Thermodynamic characterization of three centered hydrogen bond using o-aromatic amides, oxalamates and bis-oxalamides as model compounds

2007 ARKIVOC  
The study of the thermodynamic properties and cooperativity involved in three centered hydrogen (THB) bond formation using aromatic ortho-A substituted amides, oxalamates and bisoxalamides (A = H, OMe, F, CH 2 OH, NO 2 , COCH 3 ) as model molecules is reported. ∆H° and ∆S° associated with disruption of intramolecular hydrogen bonding by solvent were estimated using temperature dependence data of the N-H chemical shift. The results suggest that the influence of the A group is more important when
more » ... electron-withdrawing, increasing both the enthalpy and entropy with an important contribution from conformational changes. The data allowed the estimation of the Ph=NH + rotational barrier of 14.0 kJ mol -1 in the amide and 16.7-18.0 kJ mol -1 in oxalyl moiety. Correlations between ∆H° and ∆S° with NH temperature gradients predicted an enthalpy change of 18.7(1.0) and 24.4(1.7) kJ mol -1 for the energy required to break a full THB bond (A⋅⋅⋅H⋅⋅⋅O=C) and entropy differences between the non hydrogen bonded and hydrogen bonded state of 42.0(4.7) and 61.9(11) J mol -1 K -1 in oxalamate and bis-oxalamide series, respectively, in agreement with the participation of cooperative effects. ARKAT USA, Inc. bonded rings can be evaluated. It should be mentioned that derivatives from o-hydroxyaniline were not included to avoid the interference of exchange phenomena between N-H and O-H hydrogen atoms in solution. Reliability of experimental data The graphs of temperature vs N-H chemical shifts for a-c series are shown in Figures 1a-c. In every case the NH chemical shifts decrease as the temperature increases. The method adjusts the data to a sigmoidal curve by Non Linear Fitting Procedures (NLFP) (Figure 1d ), from which δ HB and δ SB values are predicted. The results of the non-linear fitting procedure are listed in Table 1 and van't Hoff results are in Table 2 . The method estimates δ HB values with the lowest error whereas K R is estimated with the highest error. ∆H° and δ SB values are moderately well estimated but the van't Hoff estimations for ∆H° are more accurate, thus these last values, are used for discussion purposes. ARKAT USA, Inc. 18.7(1.0) -1.4(0.2) |∆δΝΗ/∆T|, R = 0.9511; ∆H°c = 24.4(1.7) -2.6(0.4) |∆δΝΗ/∆T|, R =0.9585, estimated error in brackets], whereas no correlation was found for amides ( Figure 2a) . These results are in agreement with low energy requirements for hydrogen bonding disruption at high ∆δΝΗ/∆T values. In oxalamate and oxalamide series, ∆H° values register a decrease of 1.4(0.2) and 2.6(0.4) kJ mol -1 , respectively, for each unit of |∆δNH/∆T| change in ppb K -1 . The larger value for the slope in bis-oxalamide c series than in oxalamate b series is in agreement with the participation of cooperative effects on THB formation in the former. The linear equations predict an enthalpy change of 18.7(1.0) and 24.4(1.7) kJ mol -1 for the energy required to break a full THB (|∆δΝΗ/∆T| = 0) in oxalamate and bis-oxalamide series, respectively. Correlations between entropy and ∆δNH/∆T values were done after the exclusion of data points for compounds 4a, 2b and 2c. The entropy difference between non-bonded and hydrogen ARKAT USA, Inc. results obtained herein point to the energetic superiority of THB disruption than for regular HB, and the participation of cooperative effects in the former. General Procedures. Acetanilide 1a, aniline, 2-methoxybenzylamine, 2-fluoroaniline, (2aminophenyl)methanol, 1-(2-aminophenyl)ethanone, 2-methoxymethylaniline, acetyl chloride, ethyl chlorooxoacetate and oxalyl chloride were purchased from Aldrich and used as received. Elemental analyses were performed in a Perkin-Elmer 2400 elemental analyzer. Melting points were measured on an Electrothermal IA 9100 apparatus and were uncorrected. IR spectra were recorded in KBr disks using a Perkin-Elmer 16F PC IR spectrophotometer. 1 H and 13 C NMR spectra were recorded on a Varian Mercury 300 (300.8 MHz) equipment in [ 2 H 6 ]DMSO or CDCl 3 solutions. Chemical shifts are reported in ppm and coupling constants in Hz. COSY, APT and HETCOR experiments were performed to unequivocally assign 1 H and 13 C NMR signals, and NOE experiments on amide NH to assign H6 signal, using standard techniques. Variable temperature experiments were performed with a temperature controller to keep temperature constant within 0.2 °C. A microprogram was used to change temperature automatically in 10 °C increments with a delay of 5 min for the temperature stabilization. Each spectrum was obtained with 32 scans. Samples concentration was maintained at 5 mg/0.4 mL or less in [ 2 H 6 ]DMSO solutions. Temperature controller was calibrated using standard techniques given by the purchaser. General preparative procedures Compounds 1a-c, 2a-c, 3a-c, 4a-c, 5a-c, 6a-c and 7a-c were prepared according to previously reported procedures starting from the corresponding amine and acetyl chloride, ethyl chlorooxoacetate or oxalyl chloride. Characterization of compounds 1b and 1c, 29 2a and 2c, 1 2b and 4c, 18 3a, 30 3b, 31 5b 19 and 6a 32 by 1 H and 13 C NMR, IR and melting points were in agreement with reported data. 1 H and 13 C NMR in [ 2 H 6 ]DMSO solutions (only 6c in CDCl 3 ), IR and melting points of compounds 3c, 4a, 4b, 5c, 6b-c, 7a-c are herein reported. N,N'-bis[(2-Fluoro)phenyl]oxalamide (3c). Obtained from 2-fluoroaniline and ethyl oxalyl chloride as a white crystalline solid in 30% yield, m.p. = 208 °C, 1 H NMR (δ): 10.68 (s, 1H, NH), 7.79 (m, 1H, H6), 7.44 (m, 3H, H3-5). 13 C NMR (δ): 159.0 (s, C=O), 155.9 (d, J C-F =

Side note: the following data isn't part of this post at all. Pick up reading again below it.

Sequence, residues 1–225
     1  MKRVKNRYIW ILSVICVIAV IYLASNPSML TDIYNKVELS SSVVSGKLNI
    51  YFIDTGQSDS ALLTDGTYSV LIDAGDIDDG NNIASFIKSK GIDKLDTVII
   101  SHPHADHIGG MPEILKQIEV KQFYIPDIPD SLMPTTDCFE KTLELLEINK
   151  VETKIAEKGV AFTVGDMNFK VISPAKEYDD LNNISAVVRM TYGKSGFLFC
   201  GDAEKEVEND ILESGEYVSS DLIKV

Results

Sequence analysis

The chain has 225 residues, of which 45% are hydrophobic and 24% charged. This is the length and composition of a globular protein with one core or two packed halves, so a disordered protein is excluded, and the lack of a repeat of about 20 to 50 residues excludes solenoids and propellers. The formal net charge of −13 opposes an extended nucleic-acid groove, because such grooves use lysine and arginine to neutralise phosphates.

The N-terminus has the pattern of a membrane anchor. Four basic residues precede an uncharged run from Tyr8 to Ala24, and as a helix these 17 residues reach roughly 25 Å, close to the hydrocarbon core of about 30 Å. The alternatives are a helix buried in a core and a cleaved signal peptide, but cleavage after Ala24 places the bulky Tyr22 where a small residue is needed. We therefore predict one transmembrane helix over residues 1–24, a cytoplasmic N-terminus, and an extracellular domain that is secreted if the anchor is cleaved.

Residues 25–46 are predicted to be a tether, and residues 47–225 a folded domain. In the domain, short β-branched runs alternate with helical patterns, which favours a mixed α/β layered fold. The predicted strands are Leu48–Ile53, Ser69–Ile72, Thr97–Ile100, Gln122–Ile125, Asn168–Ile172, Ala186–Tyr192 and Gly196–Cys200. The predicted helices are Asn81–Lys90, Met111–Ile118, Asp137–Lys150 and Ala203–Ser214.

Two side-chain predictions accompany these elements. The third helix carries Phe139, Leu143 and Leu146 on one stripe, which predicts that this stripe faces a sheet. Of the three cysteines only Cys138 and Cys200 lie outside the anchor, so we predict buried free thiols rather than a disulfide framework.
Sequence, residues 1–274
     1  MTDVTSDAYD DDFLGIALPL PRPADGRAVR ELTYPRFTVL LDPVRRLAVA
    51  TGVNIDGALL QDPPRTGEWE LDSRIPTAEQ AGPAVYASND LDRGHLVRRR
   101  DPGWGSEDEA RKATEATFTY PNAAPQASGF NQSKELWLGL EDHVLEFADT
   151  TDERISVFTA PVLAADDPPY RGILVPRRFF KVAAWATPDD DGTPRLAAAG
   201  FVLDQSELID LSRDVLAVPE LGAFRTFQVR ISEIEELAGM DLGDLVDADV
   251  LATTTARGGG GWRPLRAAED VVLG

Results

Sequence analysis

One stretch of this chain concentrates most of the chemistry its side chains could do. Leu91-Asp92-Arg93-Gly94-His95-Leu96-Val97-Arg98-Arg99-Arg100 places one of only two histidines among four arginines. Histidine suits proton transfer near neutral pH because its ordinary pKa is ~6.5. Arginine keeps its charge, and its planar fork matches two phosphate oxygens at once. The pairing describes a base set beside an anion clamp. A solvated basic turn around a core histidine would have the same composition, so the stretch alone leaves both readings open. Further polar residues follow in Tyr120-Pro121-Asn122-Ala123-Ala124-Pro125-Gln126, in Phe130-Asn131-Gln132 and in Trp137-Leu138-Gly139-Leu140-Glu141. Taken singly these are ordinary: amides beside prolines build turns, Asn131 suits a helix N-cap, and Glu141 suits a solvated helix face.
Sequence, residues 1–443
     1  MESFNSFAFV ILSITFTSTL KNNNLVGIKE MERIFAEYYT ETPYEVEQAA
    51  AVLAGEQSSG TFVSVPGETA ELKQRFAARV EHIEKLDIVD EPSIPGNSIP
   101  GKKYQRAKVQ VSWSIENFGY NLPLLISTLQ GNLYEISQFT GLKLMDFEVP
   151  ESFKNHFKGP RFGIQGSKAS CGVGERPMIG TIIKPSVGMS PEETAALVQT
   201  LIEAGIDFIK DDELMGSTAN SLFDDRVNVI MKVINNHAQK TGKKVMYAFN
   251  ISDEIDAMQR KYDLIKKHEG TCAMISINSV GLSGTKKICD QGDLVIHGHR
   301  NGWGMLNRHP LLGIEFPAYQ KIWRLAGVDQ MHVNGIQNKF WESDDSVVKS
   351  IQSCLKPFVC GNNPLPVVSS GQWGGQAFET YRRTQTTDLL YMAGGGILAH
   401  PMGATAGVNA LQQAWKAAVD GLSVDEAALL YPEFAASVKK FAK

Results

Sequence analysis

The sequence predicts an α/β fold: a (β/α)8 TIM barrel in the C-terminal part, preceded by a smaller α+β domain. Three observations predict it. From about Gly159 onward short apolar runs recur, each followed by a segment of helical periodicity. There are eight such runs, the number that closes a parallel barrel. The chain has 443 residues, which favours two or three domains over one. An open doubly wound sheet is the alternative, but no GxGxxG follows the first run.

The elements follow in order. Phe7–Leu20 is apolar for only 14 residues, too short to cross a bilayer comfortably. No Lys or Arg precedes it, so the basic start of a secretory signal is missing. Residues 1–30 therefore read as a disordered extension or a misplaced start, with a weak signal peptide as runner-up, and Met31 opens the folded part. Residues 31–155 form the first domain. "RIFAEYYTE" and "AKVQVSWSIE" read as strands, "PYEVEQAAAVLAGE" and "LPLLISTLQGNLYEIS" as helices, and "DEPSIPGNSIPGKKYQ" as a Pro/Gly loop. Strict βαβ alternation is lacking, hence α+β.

doi:10.3998/ark.5550190.0009.518 fatcat:rlxd2qb7lzhklkpbkla5nftzim